- Series: The Sibley Field Guide to Birds of Western North America
- Flexibound: 472 pages
- Publisher: Knopf; 1 edition (April 29, 2003)
- Language: English
- ISBN-10: 0679451218
- ISBN-13: 978-0679451211
- Product Dimensions: 4.9 x 1.1 x 7.8 inches
- Shipping Weight: 1.2 pounds (View shipping rates and policies)
- Average Customer Review: 277 customer reviews
- Amazon Best Sellers Rank: #356,376 in Books (See Top 100 in Books)
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The Sibley Field Guide to Birds of Western North America Flexibound – Unabridged, April 29, 2003
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From Library Journal
Not just spin-offs from the famed Sibley Guide to Birds, these field guides are specifically designed to tote along on outings. The maps are new.
Copyright 2002 Reed Business Information, Inc.
About the Author
David Allen Sibley is the author and illustrator of a series of highly acclaimed books about birds and birding. He is the recipient of the Roger Tory Peterson Award presented by the American Birding Association for a lifetime of achievement. He lives in Concord, Massachusetts, with his wife and two sons.
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As to the content of Sibley's guide, there is none better. His illustrations are outstanding, and descriptions are just wonderful. He describes ranges, eating habits, whether the bird tends to be solitary or fly in groups (flocks), nesting, coloration, etc. Best of all, I really like how he shows the bird in a multitude of positions, from standing to flight, so that if you saw a glint of the bird in a different point of view, you can still identify it using this guide. Top ratings.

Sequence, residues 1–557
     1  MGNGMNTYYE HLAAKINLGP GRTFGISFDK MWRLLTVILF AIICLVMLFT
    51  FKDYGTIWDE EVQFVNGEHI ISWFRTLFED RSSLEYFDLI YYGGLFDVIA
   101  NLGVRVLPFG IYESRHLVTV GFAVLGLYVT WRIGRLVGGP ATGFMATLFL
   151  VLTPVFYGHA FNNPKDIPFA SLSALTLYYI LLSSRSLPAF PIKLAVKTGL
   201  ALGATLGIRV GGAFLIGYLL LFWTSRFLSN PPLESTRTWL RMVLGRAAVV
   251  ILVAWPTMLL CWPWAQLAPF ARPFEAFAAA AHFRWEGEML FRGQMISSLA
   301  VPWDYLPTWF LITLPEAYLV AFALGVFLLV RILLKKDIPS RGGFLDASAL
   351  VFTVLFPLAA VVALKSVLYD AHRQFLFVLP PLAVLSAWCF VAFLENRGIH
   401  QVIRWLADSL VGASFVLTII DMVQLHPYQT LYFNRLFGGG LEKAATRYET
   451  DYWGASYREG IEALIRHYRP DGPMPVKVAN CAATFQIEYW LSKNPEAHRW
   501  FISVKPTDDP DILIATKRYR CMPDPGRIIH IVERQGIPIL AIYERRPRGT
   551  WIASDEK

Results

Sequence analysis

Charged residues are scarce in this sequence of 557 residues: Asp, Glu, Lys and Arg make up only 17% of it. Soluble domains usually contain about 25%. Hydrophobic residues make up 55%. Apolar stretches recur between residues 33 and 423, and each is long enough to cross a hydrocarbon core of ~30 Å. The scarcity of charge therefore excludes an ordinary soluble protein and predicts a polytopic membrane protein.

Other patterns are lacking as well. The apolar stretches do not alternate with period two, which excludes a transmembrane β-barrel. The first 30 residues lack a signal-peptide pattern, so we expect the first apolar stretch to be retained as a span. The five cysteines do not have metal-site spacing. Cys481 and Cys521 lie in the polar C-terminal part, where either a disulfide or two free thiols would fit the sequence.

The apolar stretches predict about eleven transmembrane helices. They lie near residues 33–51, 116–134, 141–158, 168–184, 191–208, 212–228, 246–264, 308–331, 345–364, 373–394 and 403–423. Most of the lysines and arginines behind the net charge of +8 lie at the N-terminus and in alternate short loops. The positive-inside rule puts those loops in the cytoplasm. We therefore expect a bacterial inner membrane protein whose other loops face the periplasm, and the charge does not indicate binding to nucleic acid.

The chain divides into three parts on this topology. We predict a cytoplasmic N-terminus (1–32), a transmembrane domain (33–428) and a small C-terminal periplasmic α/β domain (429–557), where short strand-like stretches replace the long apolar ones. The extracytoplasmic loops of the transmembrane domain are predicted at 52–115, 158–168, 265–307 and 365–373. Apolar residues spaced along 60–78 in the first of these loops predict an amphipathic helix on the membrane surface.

While browsing through the shelves at a B&N brick and mortar store, I immediately understood why Sibley's book is so highly regarded.
There are several elements that really stand out in my mind
* The book is very well laid out
* Excellent, accurate illustrations detailing various characterstics among species, gender, etc
* Thoughtfully organized sections that make reading it a breeze, whether you are simply browsing for a bird ID or want to learn more by reading more in-depth.
* It's a managable size, that can be carried along, should you decide to take it in the field. I usually leave mine home, as I am usually capturing the bird on camera already.
* Although it's the Eastern North American field guide, there are species that can be found in the book from much further away. I can only assume they include everything that you "might" encounter out in the field, which is an excellent benefit.
Don't settle for anything less. Get the Sibley's book.
Sibley meets my needs. My wife, who is a professional Wildlife Biologist, would not touch anything but Peterson, and only specific editions of Peterson (and, yes, that divergence does result in a very large collection of field guides...). Neither of us care for any of the other ones. But, since the other ones sell, they must meet someone's needs, maybe yours.
What I have found, is you tend to think and learn in terms of the field guide you are used to. Make sure you can handle the guide's organization and approach. Understand that Sibley's information format is more free-form than some of the others. I don't mind reading for the details, you might.
Yes, the illustrations are smaller, but just as useable. Yes, some of the illustrations in the original guide have been deleted, but the guide you take with is better than the one at home. (You should have the original at home anyway!)
I find that the addition of Status, Habitat and Behavior in the text more than makes up for fewer illustrations.
Well made and sturdy...buy it!